Falcon Pro is by far my favourite Twitter app. The developer is actively adding new features, fixing bugs and take requests for new features. Whenever I have had a problem, a quick tweet to them and they have either told me what the fix is or told me they will fix in the next update.
Suddenly, Falcon Pro has reached its Twitter imposed 100, 000 user token limit and all within 3 months of leaving BETA. This is the limit of users Twitter will allow the app to connect to their account. One hundred thousand users sounds like a lot, but not when it's clearly explained.
A token is taken up by the app out of its stock of 100, 000, when a user uses the app to connect to their Twitter account (this is when you input your email and password). If that user then decides to no longer use the app (for what ever reason), then that token is still taken. It doesn't automatically get revoked when/if the user deletes the app from their device. This means their could be hundreds (if not thousands) of tokens taken up by users who no longer use the app and have deleted the app from their device. The only way to free up a token for the app is to log on to your account on the Twitter website, go to the 'Apps' section of your settings and revoke access for that app.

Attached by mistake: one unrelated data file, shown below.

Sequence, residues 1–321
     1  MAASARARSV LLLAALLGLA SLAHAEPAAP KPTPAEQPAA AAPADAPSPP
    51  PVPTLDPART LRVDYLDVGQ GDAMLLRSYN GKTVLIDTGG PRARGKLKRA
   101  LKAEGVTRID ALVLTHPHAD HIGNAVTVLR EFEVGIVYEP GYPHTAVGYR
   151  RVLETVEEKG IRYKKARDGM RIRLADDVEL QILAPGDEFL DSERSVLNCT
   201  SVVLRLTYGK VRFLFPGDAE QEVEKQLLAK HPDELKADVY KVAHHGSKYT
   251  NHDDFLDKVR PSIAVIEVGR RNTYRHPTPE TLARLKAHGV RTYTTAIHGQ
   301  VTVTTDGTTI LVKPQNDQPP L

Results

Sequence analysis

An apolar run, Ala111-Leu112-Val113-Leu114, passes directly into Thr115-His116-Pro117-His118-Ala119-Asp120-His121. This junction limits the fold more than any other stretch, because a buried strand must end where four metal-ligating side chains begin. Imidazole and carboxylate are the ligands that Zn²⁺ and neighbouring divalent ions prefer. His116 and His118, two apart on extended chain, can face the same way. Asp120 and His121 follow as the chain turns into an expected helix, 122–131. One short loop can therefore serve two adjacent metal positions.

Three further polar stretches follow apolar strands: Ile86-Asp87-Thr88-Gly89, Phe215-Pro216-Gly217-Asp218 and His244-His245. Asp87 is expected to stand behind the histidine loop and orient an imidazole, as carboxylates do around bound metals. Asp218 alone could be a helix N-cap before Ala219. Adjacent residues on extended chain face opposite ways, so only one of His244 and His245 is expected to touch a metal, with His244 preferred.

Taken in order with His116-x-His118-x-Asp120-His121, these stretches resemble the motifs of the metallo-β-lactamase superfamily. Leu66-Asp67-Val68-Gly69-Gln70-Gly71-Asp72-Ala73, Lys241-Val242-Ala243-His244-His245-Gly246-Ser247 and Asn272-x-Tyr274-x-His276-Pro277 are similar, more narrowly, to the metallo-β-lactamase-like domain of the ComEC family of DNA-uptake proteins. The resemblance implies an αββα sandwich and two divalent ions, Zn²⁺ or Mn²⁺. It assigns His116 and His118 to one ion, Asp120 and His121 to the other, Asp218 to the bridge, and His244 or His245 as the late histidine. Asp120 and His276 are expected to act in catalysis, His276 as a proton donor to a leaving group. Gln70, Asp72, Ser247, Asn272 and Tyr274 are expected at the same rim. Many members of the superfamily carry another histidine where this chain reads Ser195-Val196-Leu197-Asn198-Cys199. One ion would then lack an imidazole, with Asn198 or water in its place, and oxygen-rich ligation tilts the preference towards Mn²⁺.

Sadly, not many people know about this, so if won't release these tokens for new users to come along and use the app.
What does this mean for Falcon Pro's current users? Nothing. Unless you want to use it on a new device. It also means that the developer will no longer get any new customers, as new users cannot use the app. This could also potentially cause problems for the stores that sell the apps. If a new user were to download the app having paid the £0.64/€0.73/$0.99, then finds the app is no longer accepting new tokens. If they don't return to the Play store within 15 minutes of the purchase, they would be out-of-pocket. In the Apple App Store, users would have to go through Apple for a refund explaining why.
In this case, the developer, Joaquim Vergès, was quick to add a disclaimer on the front of the Play Store description to state that the app would no longer accept new users for the time being.
In an effort to resolve this, Vergès has taken to Twitter to ask his users to sign a petition he will send to Twitter to get the block removed or extended. At the time of writing, over 2000 people had signed it. Personally, I signed it straight away and retweeted the petition to keep this fantastic app on the market and continuously improved.